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Immerse yourself in this colossal desert 'City' — but leave the selfie stick at home

A view of a section of Michael Heizer's <em>City</em>
Ben Blackwell/Triple Aught Foundation
A view of a section of Michael Heizer's City

Most people who visit Michael Heizer's City start out in Las Vegas, a place dominated by the blaring sounds of slot machines, air conditioning, and the Bellagio Hotel and Casino's famous fountains dancing in time to the songs of Celine Dion.

So it's quite a shock, after a three-hour drive north, to find yourself in the middle of the baking Nevada desert, surrounded by absolute silence.

For more than five decades, American artist Michael Heizer has been working in this remote environment to complete a colossal art installation. Located at least a 90-minute drive from the nearest small town, and costing around $40 million (so far) in construction and maintenance costs, City is one of the largest artworks in the world. It recently opened to the public.

A city unlike any other

Heizer started work on City in 1970. The artist built his masterwork out of local rock and dirt, which he and a team of workers quarried over the years. The site is more than one-and-a-half miles long by a half-mile wide, and consists of clusters of low-slung, gravel-covered mounds, as well as imposing sculptures made of smooth concrete and rough stone separated by a network of rocky runways and winding, empty streets.

An aerial view of <em>City.</em>
/ Triple Aught Foundation
/
Triple Aught Foundation
An aerial view of City.

Some parts of City look like they've been there forever. There are dark, misshapen structures that look like gravestones in an ancient cemetery, and undulating hillocks reminiscent of indigenous shell mounds. And there are also concrete curbs like you'd find on any modern city street and futuristic-looking geometric sculptures.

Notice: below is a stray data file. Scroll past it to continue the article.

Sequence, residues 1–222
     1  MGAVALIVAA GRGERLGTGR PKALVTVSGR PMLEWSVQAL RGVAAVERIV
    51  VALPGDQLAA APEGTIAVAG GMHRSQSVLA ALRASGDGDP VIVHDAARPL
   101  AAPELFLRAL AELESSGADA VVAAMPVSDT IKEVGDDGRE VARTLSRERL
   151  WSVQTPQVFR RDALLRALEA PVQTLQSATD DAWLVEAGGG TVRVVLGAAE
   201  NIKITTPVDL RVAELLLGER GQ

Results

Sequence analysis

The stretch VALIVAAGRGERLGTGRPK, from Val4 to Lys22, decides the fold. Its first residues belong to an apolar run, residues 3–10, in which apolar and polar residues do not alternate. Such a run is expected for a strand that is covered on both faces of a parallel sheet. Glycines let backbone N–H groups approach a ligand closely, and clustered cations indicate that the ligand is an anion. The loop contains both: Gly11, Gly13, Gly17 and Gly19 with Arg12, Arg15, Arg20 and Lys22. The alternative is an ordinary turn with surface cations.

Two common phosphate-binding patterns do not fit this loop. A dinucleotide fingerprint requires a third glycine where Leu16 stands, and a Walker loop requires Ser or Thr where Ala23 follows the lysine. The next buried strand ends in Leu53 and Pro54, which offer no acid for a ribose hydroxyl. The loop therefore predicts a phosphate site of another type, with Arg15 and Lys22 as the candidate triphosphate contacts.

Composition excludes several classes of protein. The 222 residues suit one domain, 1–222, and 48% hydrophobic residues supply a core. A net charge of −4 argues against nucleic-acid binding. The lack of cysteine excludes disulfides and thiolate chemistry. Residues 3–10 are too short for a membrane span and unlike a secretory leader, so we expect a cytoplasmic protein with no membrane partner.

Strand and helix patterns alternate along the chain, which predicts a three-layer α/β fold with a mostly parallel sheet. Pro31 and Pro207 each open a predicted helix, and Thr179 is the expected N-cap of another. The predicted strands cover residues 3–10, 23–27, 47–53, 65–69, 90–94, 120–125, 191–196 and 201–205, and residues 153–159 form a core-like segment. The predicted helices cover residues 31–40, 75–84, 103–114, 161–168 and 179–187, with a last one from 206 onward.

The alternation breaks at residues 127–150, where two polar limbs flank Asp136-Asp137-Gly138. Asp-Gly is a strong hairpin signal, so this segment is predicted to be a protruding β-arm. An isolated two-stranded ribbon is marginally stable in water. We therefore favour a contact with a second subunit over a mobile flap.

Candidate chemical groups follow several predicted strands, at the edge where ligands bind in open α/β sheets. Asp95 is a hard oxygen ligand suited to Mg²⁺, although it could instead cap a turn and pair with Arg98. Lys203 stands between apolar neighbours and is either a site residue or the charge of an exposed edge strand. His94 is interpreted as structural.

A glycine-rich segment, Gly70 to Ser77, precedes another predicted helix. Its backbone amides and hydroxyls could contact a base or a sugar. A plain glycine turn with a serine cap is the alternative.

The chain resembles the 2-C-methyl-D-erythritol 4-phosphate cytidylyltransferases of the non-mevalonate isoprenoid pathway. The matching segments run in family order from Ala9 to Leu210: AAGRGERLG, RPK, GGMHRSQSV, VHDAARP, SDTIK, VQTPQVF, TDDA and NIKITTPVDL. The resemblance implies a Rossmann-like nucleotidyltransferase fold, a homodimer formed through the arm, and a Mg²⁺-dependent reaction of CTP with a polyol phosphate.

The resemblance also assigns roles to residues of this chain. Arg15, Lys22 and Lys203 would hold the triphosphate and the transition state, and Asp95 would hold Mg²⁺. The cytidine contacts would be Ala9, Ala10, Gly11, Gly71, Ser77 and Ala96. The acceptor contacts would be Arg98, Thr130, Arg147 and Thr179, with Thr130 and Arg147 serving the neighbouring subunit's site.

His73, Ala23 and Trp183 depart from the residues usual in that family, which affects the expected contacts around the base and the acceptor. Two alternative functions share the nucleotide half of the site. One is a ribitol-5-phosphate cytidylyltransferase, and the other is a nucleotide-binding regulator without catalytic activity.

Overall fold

It's like a pre-Columbian Mayan settlement, a highway interchange in Las Vegas, and the desert planet Tatooine from Star Wars all rolled into one.

City isn't like any other art experience on Earth. And as art experiences go, it's unforgiving.

Only up to six people are allowed to visit the installation per day. There's no welcome center, restroom, or shade from the relentless desert sun. There isn't so much as a chair or bench to rest on.

There's really nothing else to do except roam the seemingly-endless dirt pathways, get up close to the imposing architectural forms, and contemplate the effects of the changing light.

The artist and his vision

Michael Heizer was part of a wave of iconoclastic, mostly young, white men who turned their backs on the traditional gallery scene in the late 1960s and '70s. Instead, Heizer (and fellow artists like Walter de Maria and Robert Smithson) used the wilderness of the American West as canvas and paint.

NPR reporter Chloe Veltman takes stock of the length of her shadow while wandering around <em>City</em>.
Chloe Veltman / NPR
/
NPR
NPR reporter Chloe Veltman takes stock of the length of her shadow while wandering around City.

Heizer became known for creating remote artworks that were so huge, they looked like they'd been put there by superhuman forces. He's never been interested in explaining why he creates works on the land on such a large scale.

"You know, I'm not big on talking about art," Heizer told NPR in 2012. More recently, he told The New York Times in August, "I am not here to tell people what it all means. You can figure it out for yourself."

So to learn more about the artist and his installation, NPR turned to a man who knows them both pretty well.

"Mike Heizer doesn't come for the opening party," said Los Angeles County Museum of Art director Michael Govan. "He comes to make the work and to push definitions of what art is."

Since the mid-1990s, Govan has been helping Heizer get City ready for the public.

"It was not the easiest thing to convince people to give money to move earth in the desert with no completion date and simply an artist's vision," Govan said.

Photography is forbidden at City. And Govan said the artwork doesn't even photograph particularly well, even by drone. Audiences can only engage with the installation by being fully immersed in it.

"I think the world's catching up to that idea of experience that Mike Heizer was already interested in, long ago," Govan said.

But there's nothing Instagrammable about Heizer's masterwork. Being there — even getting there — takes commitment.

And that's the point.

"There's no duplicate for this experience," Govan said. "And after working here with Mike, it really is hard to go back to a museum with paintings and frames. It just doesn't sometimes satisfy."

Edited by: Jennifer Vanasco Produced by: Isabella Gomez Sarmiento

Copyright 2023 NPR. To see more, visit https://www.npr.org.

Chloe Veltman
Chloe Veltman is a correspondent on NPR's Culture Desk.